public safety

City Agencies Respond to Story About Fire Suppression

By SF Public Utilities Commission General Manager Harlan L. Kelly, Jr.; SF Fire

Department Chief Joanne Hayes-White; and, SF Public Works Director Mohammed Nuru

 

Re: “Plan to protect neighborhoods abandoned,” Sunset Beacon, November, 2017.

 

The recent wildfires that devastated parts of Northern California this fall have caused

communities across the state to question what resources they have available to quickly

put out large fires. While it’s hard to compare the rural landscape of Santa Rosa to the

more urban and densely populated Bay Area in terms of fire risk, it is important for our

residents to know that San Francisco is committed to increasing fire protection

throughout the City.

 

The SF Public Utilities Commission (SFPUC) owns the city’s fire suppression system,

commonly referred to as theAuxiliary Water Supply System, or AWSS. This underground

system is made up of more than 135 miles of high-pressure pipelines and hydrants that

are vital for protection against the loss of life, homes and businesses during

multiple-alarm fires.

 

The challenge is that the AWSS was built in the early 1900s based on the city’s

population at that time. San Francisco, and seismic technology, has grown significantly

in the past 100 years and the fire suppression system needs to grow with it. That’s why it

was so important that voters approved the Earthquake Safety and

Emergency Response Bonds in 2010 and again in 2014.

 

Since that funding was first approved in 2010, the SFPUC, in partnership with the SF Fire

Department (SFFD) and San Francisco Public Works, has been implementing projects to

improve and expand the system’s water supply. In fact, we have already completed

more than 40 projects that have improved the reliability and the performance of the

city’s fire suppression infrastructure.

 

For example, a total of 30 new cisterns, underground water storage only used for

firefighting, have been installed across the City. Half of those cisterns are located in the

Sunset and Richmond districts. All three of the system’s three primary water sources –

Twin Peaks Reservoir, Ashbury Heights Tank and Jones Street Tank – have received

seismic reliability upgrades. And we’ve replaced the engines and installed remote

control capabilities for seawater pump station #1 to allow for remote operation.

 

To expand the water sources feeding into the AWSS system, we also installed a larger

connection to the 11-million-gallon Summit Reservoir, and expect to be completed with a

connection to the 70-million-gallon South Basin of the University Mound Reservoir

in 2018.

 

In addition to these projects, the SFPUC  is 95 percent complete with the $4.8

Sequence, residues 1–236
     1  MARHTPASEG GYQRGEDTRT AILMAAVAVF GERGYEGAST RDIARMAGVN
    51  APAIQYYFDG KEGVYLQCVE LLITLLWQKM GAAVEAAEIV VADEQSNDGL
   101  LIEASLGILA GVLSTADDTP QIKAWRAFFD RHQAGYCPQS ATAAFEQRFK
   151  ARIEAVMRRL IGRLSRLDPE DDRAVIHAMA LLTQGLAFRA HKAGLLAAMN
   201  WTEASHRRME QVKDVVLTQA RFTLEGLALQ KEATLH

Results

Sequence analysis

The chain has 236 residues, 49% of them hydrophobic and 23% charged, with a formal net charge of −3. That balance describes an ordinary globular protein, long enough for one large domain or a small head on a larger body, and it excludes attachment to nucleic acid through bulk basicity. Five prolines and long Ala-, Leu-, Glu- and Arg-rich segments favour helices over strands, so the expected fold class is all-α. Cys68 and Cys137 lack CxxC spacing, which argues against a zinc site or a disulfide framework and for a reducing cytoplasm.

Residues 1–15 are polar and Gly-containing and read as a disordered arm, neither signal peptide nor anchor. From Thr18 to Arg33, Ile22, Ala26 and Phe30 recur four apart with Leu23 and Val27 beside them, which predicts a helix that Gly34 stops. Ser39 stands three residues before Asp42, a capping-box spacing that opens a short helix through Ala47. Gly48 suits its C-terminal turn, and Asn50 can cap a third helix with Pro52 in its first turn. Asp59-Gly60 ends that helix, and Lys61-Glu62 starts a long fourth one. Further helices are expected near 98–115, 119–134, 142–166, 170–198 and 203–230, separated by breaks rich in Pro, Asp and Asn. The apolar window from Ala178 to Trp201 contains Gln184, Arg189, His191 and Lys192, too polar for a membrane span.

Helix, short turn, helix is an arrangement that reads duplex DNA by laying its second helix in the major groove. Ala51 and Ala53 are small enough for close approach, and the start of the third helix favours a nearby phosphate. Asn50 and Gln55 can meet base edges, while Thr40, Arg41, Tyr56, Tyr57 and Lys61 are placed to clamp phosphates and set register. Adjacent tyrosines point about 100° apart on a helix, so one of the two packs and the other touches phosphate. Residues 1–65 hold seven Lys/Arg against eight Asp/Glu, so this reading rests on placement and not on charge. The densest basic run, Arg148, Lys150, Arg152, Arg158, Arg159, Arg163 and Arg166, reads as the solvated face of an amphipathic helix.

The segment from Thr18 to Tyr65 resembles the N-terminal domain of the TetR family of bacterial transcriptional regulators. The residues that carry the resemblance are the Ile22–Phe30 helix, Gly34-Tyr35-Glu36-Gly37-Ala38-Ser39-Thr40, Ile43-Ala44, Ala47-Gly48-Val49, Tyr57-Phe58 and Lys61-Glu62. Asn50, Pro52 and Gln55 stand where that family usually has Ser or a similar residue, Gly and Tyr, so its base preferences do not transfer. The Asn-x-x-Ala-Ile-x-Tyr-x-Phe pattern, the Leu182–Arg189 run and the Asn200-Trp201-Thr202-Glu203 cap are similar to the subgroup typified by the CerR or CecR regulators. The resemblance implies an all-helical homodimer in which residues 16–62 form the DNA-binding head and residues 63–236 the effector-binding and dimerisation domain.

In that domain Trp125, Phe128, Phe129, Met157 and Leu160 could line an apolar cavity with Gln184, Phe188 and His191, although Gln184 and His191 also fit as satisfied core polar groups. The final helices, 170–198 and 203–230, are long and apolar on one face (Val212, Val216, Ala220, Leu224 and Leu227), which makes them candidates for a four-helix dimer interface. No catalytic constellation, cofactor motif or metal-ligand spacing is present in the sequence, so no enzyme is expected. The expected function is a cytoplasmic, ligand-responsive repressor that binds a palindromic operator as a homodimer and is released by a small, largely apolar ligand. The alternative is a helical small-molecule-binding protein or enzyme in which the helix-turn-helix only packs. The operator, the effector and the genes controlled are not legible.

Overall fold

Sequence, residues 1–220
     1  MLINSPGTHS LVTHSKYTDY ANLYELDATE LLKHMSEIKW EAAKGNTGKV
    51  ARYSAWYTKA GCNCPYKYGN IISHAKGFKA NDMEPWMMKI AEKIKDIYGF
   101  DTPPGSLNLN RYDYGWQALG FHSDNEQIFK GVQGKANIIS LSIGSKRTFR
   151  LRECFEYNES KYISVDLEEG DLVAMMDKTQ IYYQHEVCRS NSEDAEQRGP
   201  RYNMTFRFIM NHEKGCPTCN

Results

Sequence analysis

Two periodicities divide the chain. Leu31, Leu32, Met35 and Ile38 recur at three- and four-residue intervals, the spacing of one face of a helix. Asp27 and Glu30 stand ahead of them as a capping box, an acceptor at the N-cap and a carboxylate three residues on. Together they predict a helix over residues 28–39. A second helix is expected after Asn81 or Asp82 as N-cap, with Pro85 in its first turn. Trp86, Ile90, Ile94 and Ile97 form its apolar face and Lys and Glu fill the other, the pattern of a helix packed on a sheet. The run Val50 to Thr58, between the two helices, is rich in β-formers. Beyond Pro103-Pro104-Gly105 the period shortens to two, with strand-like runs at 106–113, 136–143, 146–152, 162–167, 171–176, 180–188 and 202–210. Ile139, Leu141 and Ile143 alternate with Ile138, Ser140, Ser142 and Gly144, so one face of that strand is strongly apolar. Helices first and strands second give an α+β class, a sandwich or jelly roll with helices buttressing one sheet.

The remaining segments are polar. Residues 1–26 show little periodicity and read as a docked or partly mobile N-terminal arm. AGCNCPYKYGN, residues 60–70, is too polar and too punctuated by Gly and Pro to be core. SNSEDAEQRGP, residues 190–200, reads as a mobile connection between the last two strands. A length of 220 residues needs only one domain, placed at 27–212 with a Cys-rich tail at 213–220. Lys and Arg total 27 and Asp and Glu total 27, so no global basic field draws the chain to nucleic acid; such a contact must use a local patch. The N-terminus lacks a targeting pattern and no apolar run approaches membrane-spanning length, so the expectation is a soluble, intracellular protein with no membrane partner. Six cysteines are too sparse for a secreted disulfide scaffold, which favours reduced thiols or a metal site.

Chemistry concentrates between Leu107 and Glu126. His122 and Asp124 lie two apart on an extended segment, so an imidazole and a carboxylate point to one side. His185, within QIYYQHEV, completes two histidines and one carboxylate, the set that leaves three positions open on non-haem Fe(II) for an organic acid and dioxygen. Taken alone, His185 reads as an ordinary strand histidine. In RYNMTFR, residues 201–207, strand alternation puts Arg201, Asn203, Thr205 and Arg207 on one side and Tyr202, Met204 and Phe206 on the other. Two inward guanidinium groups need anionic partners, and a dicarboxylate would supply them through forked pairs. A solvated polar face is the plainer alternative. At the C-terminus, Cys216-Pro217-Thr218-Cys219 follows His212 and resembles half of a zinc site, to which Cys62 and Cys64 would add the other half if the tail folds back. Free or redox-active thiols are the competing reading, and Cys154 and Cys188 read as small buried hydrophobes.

billion Water System Improvement Program (WSIP), which includes more

than 80 projects, spread over seven counties from the Sierra foothills to San

Francisco. One of our last projects currently underway is the Calaveras Dam replacement

project, which will restore the Calaveras Reservoir to its 31-billion-gallon capacity,

significantly increasing the amount of local water available after an emergency.

 

These projects will significantly reduce the vulnerability of the SFPUC’s Hetch Hetchy

Water System to damage from seismic events, while increasing the system’s reliability to

deliver water quickly after earthquakes.  The SFPUC’s strengthened and reinforced Hetch

Hetchy Water System, internationally renowned for its engineering expertise, is

incomparable to the water system that failed during the 1906 earthquake.

 

Our work to improve the City’s ability to respond to large fires is not done. We

are currently analyzing more than a dozen options for improving fire suppression in

the Sunset and Richmond districts, including extending the existing AWSS to

the neighborhoods and a Potable AWSS, previously referred to as a Potable Co-Benefit

System. That system would meet the same rigorous standards required by

SFFD to fight large fires using the same earthquake-resistant pipes, seismically-reliable

valves, hydrants and components used by the AWSS.

 

Together, we are moving forward in a coordinated, thoughtful and thorough effort

to improve and expand the City’s fire suppression water system. Our collaborative

approach utilizes all of the city’s expertise in fire suppression and water delivery.

 

The SFFD workforce is internationally recognized for its expertise, experience

and bravery in fighting fires. Similarly, the SFPUC is recognized as one of the top water

agencies in the world and is staffed with engineers, construction managers and

plumbers who are experts in designing, constructing, operating and improving

water systems.

 

Furthermore, the top-tier project managers at San Francisco Public Works provide the

oversight and expertise, as well as more than 100 years of experience on AWSS

construction projects, required to implement successful capital projects.

 

Our three agencies will continue to implement projects utilizing new and proven

technologies that improve upon the original system design, including looking at

the modern technologies employed by Japan, a country that faces similar earthquakes.

 

We will also continue to keep residents informed on the status of AWSS projects as they

are completed. The safety and security of our residents and visitors is our highest

priority and we will continue to do everything we can to ensure San Francisco has the

best equipment and technology available to fight fires quickly and efficiently.

 

FOLLOW THIS LINK TO READ MORE ON THE SUBJECT.

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